Where does science stop and art begin? Because there's no denying the two are inextricably intertwined, at least as far as certain select hi-fi designs go...
Take the EAR Yoshino V12 valve amplifier [p12] for example. There's nothing special about valve amplifiers per se; until the nineteen sixties they were utterly run-of-the-mill things. The circuits aren't especially complex, and countless hobbyists have knocked them up on their kitchen tables. So how can the EAR be worth it's £6,500 price, as we feel it to be?
Well, the devil is in the detail, and boy has that flame cloaked, pointy speared fellow been busy! Designer Tim de Paravicini is one of the world's masters of the tube breed, a wizard in the way he can take the design down to an almost atomic level, perfect it then build it up into something unique. It's not just painstaking tweakery that does it; the V12 itself is an artful conception; a visual referent to the classic 1971 Jaguar car engine. It's a beautiful thing that's an
homage to another beautiful thing; the EAR V12 is a masterpiece.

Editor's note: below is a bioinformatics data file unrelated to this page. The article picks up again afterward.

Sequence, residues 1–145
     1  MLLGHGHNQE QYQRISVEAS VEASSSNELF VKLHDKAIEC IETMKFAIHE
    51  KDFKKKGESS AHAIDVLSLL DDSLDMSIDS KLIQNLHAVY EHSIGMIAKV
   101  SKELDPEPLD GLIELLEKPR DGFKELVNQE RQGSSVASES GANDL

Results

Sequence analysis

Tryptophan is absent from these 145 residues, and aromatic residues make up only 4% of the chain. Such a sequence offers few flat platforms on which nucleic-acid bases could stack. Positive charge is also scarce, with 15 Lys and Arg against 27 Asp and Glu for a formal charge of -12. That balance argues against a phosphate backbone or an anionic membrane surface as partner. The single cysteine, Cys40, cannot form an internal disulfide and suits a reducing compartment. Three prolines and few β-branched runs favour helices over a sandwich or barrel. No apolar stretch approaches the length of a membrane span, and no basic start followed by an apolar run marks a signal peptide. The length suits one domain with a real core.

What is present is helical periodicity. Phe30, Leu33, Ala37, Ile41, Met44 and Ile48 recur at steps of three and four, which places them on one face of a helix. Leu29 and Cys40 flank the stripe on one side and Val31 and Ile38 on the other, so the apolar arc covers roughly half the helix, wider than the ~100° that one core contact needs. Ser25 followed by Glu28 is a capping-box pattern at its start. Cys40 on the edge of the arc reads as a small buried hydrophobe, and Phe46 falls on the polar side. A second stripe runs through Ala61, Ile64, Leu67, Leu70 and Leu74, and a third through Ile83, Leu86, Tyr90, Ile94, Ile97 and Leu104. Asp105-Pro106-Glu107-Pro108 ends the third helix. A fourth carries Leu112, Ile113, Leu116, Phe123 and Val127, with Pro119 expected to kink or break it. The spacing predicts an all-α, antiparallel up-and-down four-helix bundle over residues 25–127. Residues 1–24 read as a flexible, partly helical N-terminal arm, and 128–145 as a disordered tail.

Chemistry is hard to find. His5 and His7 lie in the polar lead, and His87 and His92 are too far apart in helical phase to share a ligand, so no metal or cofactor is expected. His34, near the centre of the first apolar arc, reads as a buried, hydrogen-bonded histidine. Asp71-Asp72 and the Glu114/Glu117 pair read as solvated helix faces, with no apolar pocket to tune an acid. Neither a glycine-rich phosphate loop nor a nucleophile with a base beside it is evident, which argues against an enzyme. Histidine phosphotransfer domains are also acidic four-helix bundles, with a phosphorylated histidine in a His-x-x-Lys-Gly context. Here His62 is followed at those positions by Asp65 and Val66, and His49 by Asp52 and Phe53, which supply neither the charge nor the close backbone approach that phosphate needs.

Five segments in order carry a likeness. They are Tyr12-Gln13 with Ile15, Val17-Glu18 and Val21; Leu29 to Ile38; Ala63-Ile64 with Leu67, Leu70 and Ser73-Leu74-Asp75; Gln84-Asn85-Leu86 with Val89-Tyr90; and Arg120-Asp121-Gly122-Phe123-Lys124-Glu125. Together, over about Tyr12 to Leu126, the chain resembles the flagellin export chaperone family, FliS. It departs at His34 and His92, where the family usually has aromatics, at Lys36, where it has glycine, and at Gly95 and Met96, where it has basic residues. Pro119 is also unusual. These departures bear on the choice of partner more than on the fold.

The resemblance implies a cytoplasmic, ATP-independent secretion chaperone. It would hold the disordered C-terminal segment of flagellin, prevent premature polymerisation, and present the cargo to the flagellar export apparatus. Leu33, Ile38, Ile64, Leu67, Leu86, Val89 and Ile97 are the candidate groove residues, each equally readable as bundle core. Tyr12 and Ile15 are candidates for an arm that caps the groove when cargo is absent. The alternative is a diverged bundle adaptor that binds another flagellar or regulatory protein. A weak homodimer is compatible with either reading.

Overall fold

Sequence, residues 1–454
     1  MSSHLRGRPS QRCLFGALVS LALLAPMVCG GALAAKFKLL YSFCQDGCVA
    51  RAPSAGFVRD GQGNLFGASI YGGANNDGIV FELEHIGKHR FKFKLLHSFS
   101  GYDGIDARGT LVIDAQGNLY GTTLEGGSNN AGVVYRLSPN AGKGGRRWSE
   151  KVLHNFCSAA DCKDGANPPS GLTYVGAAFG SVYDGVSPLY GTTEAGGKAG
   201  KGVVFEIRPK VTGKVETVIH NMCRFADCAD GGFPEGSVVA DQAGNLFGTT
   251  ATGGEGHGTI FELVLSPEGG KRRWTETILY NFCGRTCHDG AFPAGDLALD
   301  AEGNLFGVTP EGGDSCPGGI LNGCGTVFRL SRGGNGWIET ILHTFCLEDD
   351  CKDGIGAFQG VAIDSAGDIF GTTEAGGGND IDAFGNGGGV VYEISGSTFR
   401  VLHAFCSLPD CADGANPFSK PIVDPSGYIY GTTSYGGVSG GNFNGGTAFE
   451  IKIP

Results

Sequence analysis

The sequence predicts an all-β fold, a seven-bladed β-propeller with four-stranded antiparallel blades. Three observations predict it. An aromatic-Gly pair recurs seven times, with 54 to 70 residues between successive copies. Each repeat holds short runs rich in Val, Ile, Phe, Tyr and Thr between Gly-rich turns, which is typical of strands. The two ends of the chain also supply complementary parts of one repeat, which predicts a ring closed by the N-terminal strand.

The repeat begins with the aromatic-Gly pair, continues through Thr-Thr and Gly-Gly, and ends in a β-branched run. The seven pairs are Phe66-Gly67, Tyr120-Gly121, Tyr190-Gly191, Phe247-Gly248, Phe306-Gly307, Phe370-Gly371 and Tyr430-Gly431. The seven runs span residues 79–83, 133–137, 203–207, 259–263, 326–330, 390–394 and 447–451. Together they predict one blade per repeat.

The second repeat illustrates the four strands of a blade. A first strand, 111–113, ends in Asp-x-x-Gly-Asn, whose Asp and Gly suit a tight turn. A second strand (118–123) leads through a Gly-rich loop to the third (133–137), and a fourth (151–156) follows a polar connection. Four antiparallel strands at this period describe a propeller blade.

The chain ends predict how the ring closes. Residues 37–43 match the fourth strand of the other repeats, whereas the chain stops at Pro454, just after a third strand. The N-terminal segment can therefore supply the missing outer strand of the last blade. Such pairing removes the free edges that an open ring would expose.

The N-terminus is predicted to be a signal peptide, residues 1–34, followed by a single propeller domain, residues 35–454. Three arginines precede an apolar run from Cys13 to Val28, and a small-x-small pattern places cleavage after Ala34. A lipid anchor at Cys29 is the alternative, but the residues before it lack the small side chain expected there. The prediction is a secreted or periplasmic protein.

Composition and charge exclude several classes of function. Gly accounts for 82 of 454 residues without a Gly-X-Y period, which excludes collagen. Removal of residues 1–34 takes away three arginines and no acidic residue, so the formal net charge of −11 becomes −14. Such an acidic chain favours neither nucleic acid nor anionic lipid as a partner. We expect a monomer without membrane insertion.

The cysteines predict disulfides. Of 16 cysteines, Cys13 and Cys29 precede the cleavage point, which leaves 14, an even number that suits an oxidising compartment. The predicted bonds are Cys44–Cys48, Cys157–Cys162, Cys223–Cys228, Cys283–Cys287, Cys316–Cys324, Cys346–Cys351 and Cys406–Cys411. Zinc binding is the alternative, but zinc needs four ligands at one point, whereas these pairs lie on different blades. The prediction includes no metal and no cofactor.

Yet, reassuringly in these hard times, you don't have to be a lottery winner to see art and science collide, as the £299 Arcam rDAC [p73] is another piece of wonderment. Inside its superbly wrought alloy casework - itself a splendid bit of industrial design - lurks silicon chips from two great British manufacturers, Wolfson and data Conversion Systems (dCS) which together offer impoverished digital audio fans a great performance, and the ability to use computers as a source, whilst not relying on their sound-degrading master clocks. This is technology normally only available on products costing thousands of pounds, and it's here, beautifully packaged for under £300!
If you do want to spend vast sums however, then the £7,500 dCS Debussy [p52] makes magnificent music from any digital signal you care to feed it. A unique, bespoke design with the trick tech of the aforementioned Arcam plus much more, when you open up the case it looks like no other digital convertor around. Yet it's equally alluring from the outside too, sat on your equipment rack static or powered up and working...
For me, that's the joy of hi-fi. Design is, as an architect once said, 'intelligence made visible' - and this issue is packed with products of innovation and artistry.
David Price, editor
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